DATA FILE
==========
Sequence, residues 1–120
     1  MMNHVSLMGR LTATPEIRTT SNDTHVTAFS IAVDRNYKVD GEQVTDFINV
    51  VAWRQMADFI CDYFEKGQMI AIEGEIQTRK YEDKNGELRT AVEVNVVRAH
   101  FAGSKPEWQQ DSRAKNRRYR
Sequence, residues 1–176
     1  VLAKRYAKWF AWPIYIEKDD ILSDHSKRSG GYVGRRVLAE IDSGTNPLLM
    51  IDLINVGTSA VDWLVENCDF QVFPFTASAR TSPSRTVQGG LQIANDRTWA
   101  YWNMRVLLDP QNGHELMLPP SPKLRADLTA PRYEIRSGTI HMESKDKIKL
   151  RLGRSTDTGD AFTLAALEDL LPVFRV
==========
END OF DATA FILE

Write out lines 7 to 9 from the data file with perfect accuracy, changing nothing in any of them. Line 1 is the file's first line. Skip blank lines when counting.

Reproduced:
    51  IDLINVGTSA VDWLVENCDF QVFPFTASAR TSPSRTVQGG LQIANDRTWA
   101  YWNMRVLLDP QNGHELMLPP SPKLRADLTA PRYEIRSGTI HMESKDKIKL
   151  RLGRSTDTGD AFTLAALEDL LPVFRV